6. Basin Street Blues (W.C. Handy)
Duke Ellington & his Orchestra
Ray Nance (t,voc), Clark Terry (t), Quentin Jackson (tb), Russell Procope (cl), Duke Ellington (p), Jimmy Woode (b), Jimmy Johnson (d)
Kongresshaus Zürich (Switzerland), October 9, 1959
Recorded by Swiss Radio, Source: Swiss Radio Broadcast/1999
This concert (which is also circulating in video format, sometimes said to be from "Germany 1959") was re-broadcasted in 1999, another homage to the great old man. On this tune half of the band sits out, and the others have a lot of fun - not sure who's giving comments on the second trumpet solo, Duke himself?
Jimmy Woode, btw, has been living in Switzerland for decades now, as far as I know, appearing several times as a sideman at the Bern Jazzfestival.
I absolutely love this track, nothing they could do wrong at this point. Nance, Terry, Butter... and it's great to hear Procope getting a bit of solo space, too!7. Mood Indigo (Ellington-Bigard-Mills)
Albert Mangelsdorff (tb), Dave Liebman (ss), Jean-François Jenny-Clark (b), Elvin Jones (d)
Ravenna Jazz 1985, Teatro Estivo Rocco Brancaleone, Ravenna (Italy), July 4, 1985
audience recording, source: EZtree/2004
Continuing with more Ducal music. I was totally awe-struck when I heard this cut the first time. Mangelsdorff is so good here! Jenny-Clark and Elvin were frequent collaborators, and Liebman doesn't get in the way.
I mostly included this to have Elvin present on my BFT (not just in that final vocal snippet, but playing), but Mangelsdorff alone deserves that this should be heard. I hear a lot of humour going on in his playing.
Elvin plays great here, too, in my opinion. Even if rather sparse, he builds, and he has a weight that other drummers never achieve, yet still he's dancing. When he finally doubles (after the soprano starts intruding for the first time), this does swing a lot!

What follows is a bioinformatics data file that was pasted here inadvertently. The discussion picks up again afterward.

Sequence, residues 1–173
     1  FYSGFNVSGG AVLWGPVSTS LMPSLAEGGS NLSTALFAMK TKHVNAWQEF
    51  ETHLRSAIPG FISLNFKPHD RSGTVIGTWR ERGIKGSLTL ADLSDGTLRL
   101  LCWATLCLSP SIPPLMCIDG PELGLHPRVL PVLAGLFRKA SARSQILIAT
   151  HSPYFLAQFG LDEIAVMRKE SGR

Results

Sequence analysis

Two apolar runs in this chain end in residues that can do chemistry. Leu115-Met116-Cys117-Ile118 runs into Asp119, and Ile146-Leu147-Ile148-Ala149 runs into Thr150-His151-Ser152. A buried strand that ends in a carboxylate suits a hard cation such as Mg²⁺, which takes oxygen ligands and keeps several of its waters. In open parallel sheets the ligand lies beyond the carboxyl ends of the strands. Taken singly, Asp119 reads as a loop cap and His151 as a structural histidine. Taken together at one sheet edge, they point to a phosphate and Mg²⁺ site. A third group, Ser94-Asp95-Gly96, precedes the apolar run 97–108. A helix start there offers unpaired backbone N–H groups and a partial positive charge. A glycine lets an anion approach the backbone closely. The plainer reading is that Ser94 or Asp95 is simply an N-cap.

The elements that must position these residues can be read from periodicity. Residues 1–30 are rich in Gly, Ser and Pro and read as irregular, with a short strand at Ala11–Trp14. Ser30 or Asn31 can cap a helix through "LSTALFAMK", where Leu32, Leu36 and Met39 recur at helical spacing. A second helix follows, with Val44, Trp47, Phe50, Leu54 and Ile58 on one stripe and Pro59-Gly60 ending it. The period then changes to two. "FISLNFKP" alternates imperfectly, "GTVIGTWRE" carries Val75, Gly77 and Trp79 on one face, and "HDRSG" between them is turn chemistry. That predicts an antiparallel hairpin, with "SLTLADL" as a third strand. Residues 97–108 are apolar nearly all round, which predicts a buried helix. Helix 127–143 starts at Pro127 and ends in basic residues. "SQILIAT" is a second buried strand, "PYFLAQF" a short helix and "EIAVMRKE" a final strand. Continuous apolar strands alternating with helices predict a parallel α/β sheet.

Jenny-Clark has a nice solo spot (though I'm not so fond of that bass sound - pretty eighties, lacking depth and lacking... well, bass... but that's probably at least partially the fault of the recording, not of him).8. Blood Count (Billy Strayhorn) [mono]
Andy Scherrer (ts), William Evans (p), Isla Eckinger (b), Dré Pallemaerts (d)
MIDEM 2000, Hotel Carlton, Cannes (France), January 26, 2000
Recorded by Swiss Radio (DRS 2/RSR 2/RSI 2), source: Swiss Radio Live Broadcast
Scherrer is the most important Swiss modern mainstream tenor player. Born 1946, Scherrer made his debut record as a leader only a few years ago ("Second Step" on TCB), and has since been leading this quartet with yet another Bill Evans at the piano (and a great one, in my opinion). Isla Eckinger, bassist, is another important personality of Swiss jazz. He played with, it seems, everybody. Drummer Dré Pallemaerts is Belgian and is also part of Bill Carrothers entourage.
Andy Scherrer is a highly self-critical artist (this, partially, explains his late debut on record) and one of the most impressive improvisors around these days. Scherrer's second disc (again on TCB) was dedicated to Mal Waldron, while his third disc, featuring a different line up, is an homage to Joe Henderson ("Serenity", Unit Records). These, and of course John Coltrane, are some of the most important influences on his playing, but he is beyond being an epigone. By other Swiss musicians, he is most highly regarded and considered a grand-seigneur.
His performance of Billy Strayhorn's "Blood Count" is a masterpiece, I won't say no more, it's a deeply felt and masterly executed performance of a classic tune. [I do realize now that many of you disagree here, but...]
Here's a photo of the master:
Andy Scherrer performing with the Vienna Art Orchestra, © 2002 by Dirk Stockmans9. Koko (Duke Ellington)
John Lewis meets Hank Jones
John Lewis (p), Hank Jones (p), George Mraz (b), Lewis Nash (d)
Jazzfestival Bern 1999, Kursaal Bern (Switzerland), May 9, 1999
Recorded by Swiss Radio (DRS 2), source: Swiss Radio Broadcast/1999
This then is the last Ducal cut, and it features one of my favourite pianists, the swinging John Lewis. The second pianist (and I'd say the second to solo) is Hank Jones, yet another of those avatars of style.
I love how they arranged this one, you can actually almost hear the Ellington sections coming in an out.
I had planned to include another cut from this concert, "Django" (with Lewis the only soloist), but had to omit that for reasons of space.
Edited by king ubu, 27 March 2005 - 07:20 AM.